Some people may have problems digesting legumes if they are not used to them. That is why I recommend presoaking legumes, preferably overnight. This will help with digestion and will cut cooking time significantly. Just make sure you soak them in a large amount of water because they will absorb almost all of it relatively quickly.
Adding peas to your diet is something you really want to do for yourself because legumes are not only a good source of protein and carbs but also really low in fat, which cannot be said about meat. Just one-half cup of cooked split peas contains less than 1 gram of fat. Those who have a family history of cardiac issues or simply try to stick to a healthy diet and weight should definitely eat more legumes. I have not even mentioned yet how legumes are cheaper to buy and store in your pantry than to buy, freez, store, and cook meat safely.
There are a few more ingredients that are worth mentioning, but because I use them in many other dishes, I want to leave that discussion for future posts. The only part of the recipe that I want to touch on before we roll up our sleeves for cooking is croutons.
I am a big fan of baked goods, although they can be heavy on calories and should be enjoyed in moderation. I do not eat bread on a regular basis, but when I choose to have it, I go with the cleanest option possible. This means that I choose bread that does not contain any all-purpose or white flour and/or yeast. Traditional flour, in my opinion, contains empty calories that do not bring any nutritional value but add to daily caloric intake. I avoid yeast because it is known to feed a bacterium called Candida and contributes to Crohn’s disease and asthma. Using my usual approach for choosing foods from the store, I try to choose bread that has as few ingredients as possible with ingredients I know and can pronounce. So, read the labels, guys, and make a wise decision for your well-being.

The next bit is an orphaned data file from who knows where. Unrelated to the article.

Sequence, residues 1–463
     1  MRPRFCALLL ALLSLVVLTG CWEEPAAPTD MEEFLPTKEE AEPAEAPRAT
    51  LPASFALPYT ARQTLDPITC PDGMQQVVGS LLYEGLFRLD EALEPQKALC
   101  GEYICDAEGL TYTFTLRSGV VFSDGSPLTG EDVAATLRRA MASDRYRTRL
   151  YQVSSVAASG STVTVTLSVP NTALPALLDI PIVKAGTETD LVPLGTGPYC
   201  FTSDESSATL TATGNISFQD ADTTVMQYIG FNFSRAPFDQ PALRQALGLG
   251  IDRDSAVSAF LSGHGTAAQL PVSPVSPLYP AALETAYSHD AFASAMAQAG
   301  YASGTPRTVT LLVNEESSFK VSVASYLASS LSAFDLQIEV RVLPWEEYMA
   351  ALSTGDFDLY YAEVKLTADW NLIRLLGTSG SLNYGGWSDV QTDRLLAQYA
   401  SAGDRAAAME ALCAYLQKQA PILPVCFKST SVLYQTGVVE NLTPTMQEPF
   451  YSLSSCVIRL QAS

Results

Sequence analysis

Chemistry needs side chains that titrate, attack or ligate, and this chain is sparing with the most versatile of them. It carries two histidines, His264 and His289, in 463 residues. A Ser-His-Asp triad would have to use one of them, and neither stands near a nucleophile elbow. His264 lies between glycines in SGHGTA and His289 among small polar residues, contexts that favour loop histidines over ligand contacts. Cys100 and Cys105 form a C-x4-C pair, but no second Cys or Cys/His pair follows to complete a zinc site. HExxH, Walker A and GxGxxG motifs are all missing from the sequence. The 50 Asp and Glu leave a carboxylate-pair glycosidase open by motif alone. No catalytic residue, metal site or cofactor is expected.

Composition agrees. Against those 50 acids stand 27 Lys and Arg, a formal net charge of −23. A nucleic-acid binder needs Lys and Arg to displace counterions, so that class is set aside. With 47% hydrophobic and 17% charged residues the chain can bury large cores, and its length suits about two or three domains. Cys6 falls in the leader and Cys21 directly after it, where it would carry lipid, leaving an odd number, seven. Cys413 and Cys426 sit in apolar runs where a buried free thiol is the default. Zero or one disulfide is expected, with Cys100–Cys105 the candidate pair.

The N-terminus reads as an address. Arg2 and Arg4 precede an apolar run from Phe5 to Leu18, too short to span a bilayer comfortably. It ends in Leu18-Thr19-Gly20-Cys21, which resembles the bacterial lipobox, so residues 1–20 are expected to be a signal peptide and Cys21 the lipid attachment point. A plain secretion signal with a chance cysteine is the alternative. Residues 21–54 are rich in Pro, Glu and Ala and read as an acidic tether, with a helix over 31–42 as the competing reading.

Now it’s time to make some soup!
The main components in the recipe are highlighted; feel free to substitute the rest.
Yellow Pea Soup with Spicy Croutons
300 g of presoaked overnight yellow peas
2 liters (quarts) of water
2 small or 1 large zucchini, cut in medium cubes
1 small yellow onion, cut in small cubes